However, the chess pieces are finally moving. The Denver Classroom Teachers Association came up with a counteroffer that now reduces the amount of money they were originally asking for in teacher pay. The union is hoping Denver Public Schools will accept it.
DPS and the teachers union squared off in another round of debate Thursday. The meeting was contentious at times.
“Who on this team suggested getting rid of ProComp?” one DCTA board member asked.
“It doesn’t say anybody on the bargaining team did,” said DPS Superintendent Susana Cordova.
The union is alleging someone from the DPS board was attempting to bargain about the deal behind closed doors.
“That’s illegal in the state of Colorado,” said lead negotiator for DCTA, Rob Gould.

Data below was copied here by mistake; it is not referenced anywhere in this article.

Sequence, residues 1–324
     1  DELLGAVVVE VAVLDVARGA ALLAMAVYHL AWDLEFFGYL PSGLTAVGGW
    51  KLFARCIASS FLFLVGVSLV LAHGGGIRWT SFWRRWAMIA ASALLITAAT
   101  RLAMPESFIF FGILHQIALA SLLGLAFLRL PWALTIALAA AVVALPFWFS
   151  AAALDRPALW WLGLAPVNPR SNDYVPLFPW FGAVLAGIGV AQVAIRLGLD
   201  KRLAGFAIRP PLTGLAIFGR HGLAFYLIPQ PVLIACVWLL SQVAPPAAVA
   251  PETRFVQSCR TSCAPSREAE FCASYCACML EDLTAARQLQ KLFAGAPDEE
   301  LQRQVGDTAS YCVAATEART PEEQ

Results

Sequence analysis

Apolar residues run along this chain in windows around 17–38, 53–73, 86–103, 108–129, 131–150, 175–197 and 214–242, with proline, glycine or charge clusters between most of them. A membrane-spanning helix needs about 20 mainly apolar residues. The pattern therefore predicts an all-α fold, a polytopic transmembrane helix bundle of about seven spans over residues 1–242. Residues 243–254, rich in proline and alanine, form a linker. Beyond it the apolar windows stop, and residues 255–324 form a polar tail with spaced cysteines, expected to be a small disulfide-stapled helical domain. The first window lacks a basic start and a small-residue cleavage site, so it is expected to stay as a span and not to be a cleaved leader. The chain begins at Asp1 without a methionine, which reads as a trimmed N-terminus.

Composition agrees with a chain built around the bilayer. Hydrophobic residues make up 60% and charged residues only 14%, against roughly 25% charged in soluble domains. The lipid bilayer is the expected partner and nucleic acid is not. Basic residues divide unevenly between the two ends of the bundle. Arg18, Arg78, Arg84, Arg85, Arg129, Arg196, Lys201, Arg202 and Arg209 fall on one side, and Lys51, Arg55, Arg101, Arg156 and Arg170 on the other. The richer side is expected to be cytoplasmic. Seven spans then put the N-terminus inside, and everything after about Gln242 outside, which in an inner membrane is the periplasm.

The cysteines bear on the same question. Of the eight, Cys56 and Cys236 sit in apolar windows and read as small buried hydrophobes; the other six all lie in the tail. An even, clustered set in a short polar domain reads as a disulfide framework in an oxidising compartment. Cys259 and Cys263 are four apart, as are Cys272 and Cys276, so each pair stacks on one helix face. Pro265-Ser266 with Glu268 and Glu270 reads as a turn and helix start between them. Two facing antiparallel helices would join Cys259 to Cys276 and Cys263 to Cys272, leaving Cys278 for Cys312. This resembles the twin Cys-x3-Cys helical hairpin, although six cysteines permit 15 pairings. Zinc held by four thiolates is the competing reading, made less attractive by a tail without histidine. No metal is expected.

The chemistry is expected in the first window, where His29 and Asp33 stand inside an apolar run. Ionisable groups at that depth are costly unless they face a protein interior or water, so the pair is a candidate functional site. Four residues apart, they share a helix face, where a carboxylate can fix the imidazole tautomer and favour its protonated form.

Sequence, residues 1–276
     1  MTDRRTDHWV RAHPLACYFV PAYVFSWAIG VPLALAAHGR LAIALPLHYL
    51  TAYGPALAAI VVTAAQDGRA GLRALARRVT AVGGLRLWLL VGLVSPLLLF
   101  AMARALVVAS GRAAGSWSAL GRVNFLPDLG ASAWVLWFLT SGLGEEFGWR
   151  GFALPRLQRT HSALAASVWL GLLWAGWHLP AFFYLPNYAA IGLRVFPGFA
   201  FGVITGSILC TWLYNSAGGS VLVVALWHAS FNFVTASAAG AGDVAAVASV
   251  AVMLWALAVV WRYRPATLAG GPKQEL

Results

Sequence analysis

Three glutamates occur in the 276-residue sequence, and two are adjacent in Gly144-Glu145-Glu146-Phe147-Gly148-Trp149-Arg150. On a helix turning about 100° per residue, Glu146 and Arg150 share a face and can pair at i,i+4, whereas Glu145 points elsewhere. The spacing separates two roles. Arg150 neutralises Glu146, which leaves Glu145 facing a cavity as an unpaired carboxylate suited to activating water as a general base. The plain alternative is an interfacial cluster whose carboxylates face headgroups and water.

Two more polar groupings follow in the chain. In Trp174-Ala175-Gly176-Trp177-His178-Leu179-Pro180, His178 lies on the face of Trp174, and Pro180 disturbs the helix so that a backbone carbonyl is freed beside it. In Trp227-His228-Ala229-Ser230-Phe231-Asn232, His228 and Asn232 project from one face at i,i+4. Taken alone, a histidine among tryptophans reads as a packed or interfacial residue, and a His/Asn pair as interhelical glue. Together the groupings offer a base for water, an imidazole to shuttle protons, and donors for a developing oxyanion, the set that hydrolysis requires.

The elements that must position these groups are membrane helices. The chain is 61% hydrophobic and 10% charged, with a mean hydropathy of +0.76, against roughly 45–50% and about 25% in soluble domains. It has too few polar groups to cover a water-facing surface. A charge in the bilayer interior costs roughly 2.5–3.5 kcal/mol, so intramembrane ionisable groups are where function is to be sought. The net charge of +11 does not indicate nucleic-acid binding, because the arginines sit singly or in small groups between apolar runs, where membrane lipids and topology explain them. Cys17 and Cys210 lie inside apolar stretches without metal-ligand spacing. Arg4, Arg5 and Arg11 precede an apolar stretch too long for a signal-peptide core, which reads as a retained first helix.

“I 100 percent agree. No sidebar conversations,” Cordova said.
Here are where negotiations stand: the district previously proposed offering teachers $23 million in total pay, raising their base salary by 10 percent. The district has been waiting for the union to give them a counter proposal and that’s exactly what happened on Thursday. The DCTA reduced their asking price from $30 million to $28 million in teachers' base salary pay.
“The biggest issue now is probably the amount of money. They’ve been grossly under-funding the teachers for the last 10 years,” Gould said.
The union is still pushing for DPS to adopt their salary structure. Gould said they don’t want teachers to have to wait 10 years for a pay increase to kick in as they pursue a masters or PhD.
DPS asked for time to review the new proposal.
“We’ll take a look at how this works and try to figure out how we’d like to respond,” Cordova said.
Time will tell as to whether DPS accepts DCTA's new offer, rejects it or reveals a new counteroffer. There is very little time remaining. The current teacher salary contract expires midnight Friday. Friday is also the last day of negotiations before DCTA's planned strike vote Saturday.